Epson K3 ink on Luster and Watercolor compared
There’s an art to making paper. Since its invention, thousands of years ago, paper has had a long and interesting history. There are many ways to make paper and many kinds of paper. We’ve found many ways to use paper – architecture, furniture, crockery, fashion, sculpture, and of course the display of text and images in a variety of forms. Contemporary printmakers don’t print exclusively on paper. There’s also canvas, wood, metal, and plastic too. Anything you print on could be considered a substrate.
Substrate dramatically impacts print quality.
Substrate determines white – ISO brightness. The white of the substrate determines the brightest values achievable and the quality of the highlights in a print. Some substrates have bright cool whites, while others have duller warmer whites, some are so dull they look antique. Short of bleaching or coating a substrate with a brighter substance, this is something you can’t change about the substrate.
Substrate has a dramatic impact on ink limit, how much ink can be put down before detail begins to be lost. Droplets of ink spread when they come in contact with paper and dry. Dot gain specifies how much a dot spreads. A dot spreads more on an uncoated paper than it does on a coated paper. A dot spreads more on a matte paper than it does on a glossy paper. Consequently, fine detail is more precisely rendered on coated glossy surfaces. In addition, very smooth surfaces render subtler gradations, without interference from ink spattering or textured surfaces.
Ink limit has a dramatic impact on black – dmax. More ink, blacker black, higher dmax ratings. Using Epson UltraChrome II ink, dmax on glossy papers is approximately 2.4, 1.8 on matte papers.
Ink limit has a dramatic impact on saturation – gamut. More ink, more saturated color, wider gamut. It’s important to understand where gamut is extended. The dmax and gamut on glossy papers is greatly expanded in the shadows and minimally reduced in the highlights. Put another way, glossy papers render significantly more saturated shadows and slightly less saturated highlights.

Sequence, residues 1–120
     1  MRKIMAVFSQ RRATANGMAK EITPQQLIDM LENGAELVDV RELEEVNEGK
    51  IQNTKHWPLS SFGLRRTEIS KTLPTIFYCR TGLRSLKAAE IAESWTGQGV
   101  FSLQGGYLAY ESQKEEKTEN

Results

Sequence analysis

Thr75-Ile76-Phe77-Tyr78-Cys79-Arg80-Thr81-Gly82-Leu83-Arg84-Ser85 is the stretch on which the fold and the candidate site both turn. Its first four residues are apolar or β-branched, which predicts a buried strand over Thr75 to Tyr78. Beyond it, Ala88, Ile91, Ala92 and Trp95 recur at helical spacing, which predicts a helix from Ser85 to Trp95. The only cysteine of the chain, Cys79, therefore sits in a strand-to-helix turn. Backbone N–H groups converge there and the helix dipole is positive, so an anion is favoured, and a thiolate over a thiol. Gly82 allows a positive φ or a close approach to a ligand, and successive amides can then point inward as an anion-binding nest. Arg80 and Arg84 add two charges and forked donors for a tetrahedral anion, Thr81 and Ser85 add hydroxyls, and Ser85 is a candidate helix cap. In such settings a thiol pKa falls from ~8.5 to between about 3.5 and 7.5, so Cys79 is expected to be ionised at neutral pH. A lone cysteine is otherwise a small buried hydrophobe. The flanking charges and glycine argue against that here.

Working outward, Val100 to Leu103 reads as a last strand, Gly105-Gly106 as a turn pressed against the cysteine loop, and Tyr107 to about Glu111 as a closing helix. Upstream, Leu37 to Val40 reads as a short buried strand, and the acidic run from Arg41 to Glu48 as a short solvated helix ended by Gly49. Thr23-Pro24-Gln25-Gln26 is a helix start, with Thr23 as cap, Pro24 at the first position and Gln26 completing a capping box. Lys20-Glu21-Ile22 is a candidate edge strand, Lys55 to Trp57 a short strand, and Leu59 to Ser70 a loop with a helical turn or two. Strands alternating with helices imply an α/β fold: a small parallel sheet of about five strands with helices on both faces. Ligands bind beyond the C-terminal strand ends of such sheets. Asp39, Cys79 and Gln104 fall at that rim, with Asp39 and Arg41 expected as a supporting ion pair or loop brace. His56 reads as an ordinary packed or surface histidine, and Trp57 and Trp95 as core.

Most inkjet substrates are coated. Coatings involve complex chemistry. Coatings reduce the spread of ink, allowing less of it to sink into the base and more of it to sit up on the surface. Most coatings contain drying agents to increase drying time and reduce dot gain. Many coatings contain optical brighteners to render brighter, cooler whites and more saturated colors. Some optical brighteners actually fluoresce, emitting more light than they receive. You can tell if there are a lot of optical brighteners on a substrate if you view it under a black light and it glows. Many optical brighteners are not stable and prints made with them typically display reduced longevity ratings. If print permanence is a significant concern avoid them.
Substrate has a dramatic impact on longevity. Different substrates yield different longevity ratings. If longevity is a significant concern, research the most current data. Visit Wilhelm-research.com for a wealth of information from one of the most definitive and respected resources. Remember, when comparing data on longevity from a variety of sources, testing conditions must be comparable for comparisons to be valid.